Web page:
It is a truth universally acknowledged: Many cats simply don’t like being held.
Growing up, my brothers and I always had cats. So we learned early that not all felines cuddle. Here are some possible explanations:
1. Cats are great believers in keeping themselves to themselves.
They like to mull over the whole interspecies friendship thing. “Getting acquainted with people is almost as touchy a problem for the cat as getting acquainted with another feline,” remarks Winifred Carriere in Cats, 24 hours a day (affiliate link).
“It is complicated because so many people do not understand the protocol of greeting a strange cat and take offense (or fright) if you suggest they take it easy. A cat is a formal creature who always wants to make the first gesture and only in his own good time.”
This means that you do not swoop down on a feline you’ve just met. And you certainly do not grab him or her. Most of us would not care to have another person do those things to us at the first meet-up. And those of us who do should probably examine that.
2. Some cats spook more easily than others.
Picking them up would terrify the kitty-crap out of them. So you have to be especially gentle and understanding with them.
My beloved Cricket was one such cat. So was Merlyn, our beautiful but ditzy tiger. Interaction with humans in general terrified them: Strange people (workmen, guests, anyone who wasn’t my son Zeke or me) sent them fleeing to the top of the pipes or cupboards in the cellar.
The Crickets and the Merlyns go in for the understated gestures. An affectionate scratch between the ears or just sitting with them in companionable silence — these things make them feel happier and more secure than being held.
Here’s a quick video of a cat who comically doesn’t want to be picked up:
3. Not all felines have been properly socialized.
If your cat didn’t have a lot of contact with people during its kittenhood, it’ll probably have some feral tendencies.
“A litter of kittens that is born in a cranny inaccessible to humans will hiss, when handled by humans, at 2 or 3 weeks of age,” according to The Cornell Book of the Cat. But kittens from another litter by the same mother, “if handled daily, will not react fearfully.”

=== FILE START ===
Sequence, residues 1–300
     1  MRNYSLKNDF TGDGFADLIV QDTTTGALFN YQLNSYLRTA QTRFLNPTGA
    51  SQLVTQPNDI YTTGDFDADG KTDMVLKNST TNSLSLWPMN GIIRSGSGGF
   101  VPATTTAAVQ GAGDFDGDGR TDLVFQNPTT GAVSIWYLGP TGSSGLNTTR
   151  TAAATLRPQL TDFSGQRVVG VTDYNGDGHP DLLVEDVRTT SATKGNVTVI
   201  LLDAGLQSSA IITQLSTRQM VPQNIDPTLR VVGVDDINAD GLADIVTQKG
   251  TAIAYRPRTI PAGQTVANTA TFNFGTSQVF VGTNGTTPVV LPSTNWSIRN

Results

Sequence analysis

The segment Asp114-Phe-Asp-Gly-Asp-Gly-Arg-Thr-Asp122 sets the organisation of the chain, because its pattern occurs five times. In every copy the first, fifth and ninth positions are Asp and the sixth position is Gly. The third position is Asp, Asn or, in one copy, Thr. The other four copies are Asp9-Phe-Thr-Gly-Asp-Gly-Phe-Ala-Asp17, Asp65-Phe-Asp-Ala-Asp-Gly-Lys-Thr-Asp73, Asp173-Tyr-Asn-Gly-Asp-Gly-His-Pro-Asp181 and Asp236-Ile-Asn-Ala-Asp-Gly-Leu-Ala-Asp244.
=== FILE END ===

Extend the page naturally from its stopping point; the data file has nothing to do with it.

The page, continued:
My aunt made a point of going into the dairy barn to fuss with the new kittens, and it made a world of difference.
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4. Your cat met up with the wrong kind of humans in another lifetime.
“The cat, having sat upon a hot stove lid, will not sit upon a hot stove lid again,” observed famous cat lover Mark Twain. “But he won’t sit upon a cold stove lid either.” If your cat was abused before you adopted him or her, he or she won’t know the difference between a kind human and a cruel one.
Patience is key. Animals carry their traumas around with them the same as people do. You’ll need to take kitten steps.
5. Sometimes the circumstances are unusual.
Artist Julie Tichota of Angels Afoot was such a lover of cats that they appear in all her work frequently as angels. Not as cutesy greeting-card angels but as beautifully detailed, realistic-looking creatures who just happen to have wings.
Tichota, who also bred Maine Coons, suffered from myelofibrosis. When she died in December 1997, her friends took over the business and the care of her cats. Placing them was tricky, I was told, because they just weren’t used to being held: The artist had been too ill to pick them up, “so she didn’t. Basically, her days consisted of her lying in bed with the cats all around her.”
6. It’s a breed thing.
Maine Coons, for instance, are gentle, loving giants, but these cats don’t care much for being picked up. The same has held true with most of the Abyssinians I’ve known. Perhaps it has something to do with their active temperament.
Ragdolls are another story. They glory in hands-on treatment. “They let kids pick them up,” breeder Barbara McKee of Hemlock Trails Cattery once told me. The cats will, she added, “go limp in your arms when you pick them up, just like the dolls they’re named for.”
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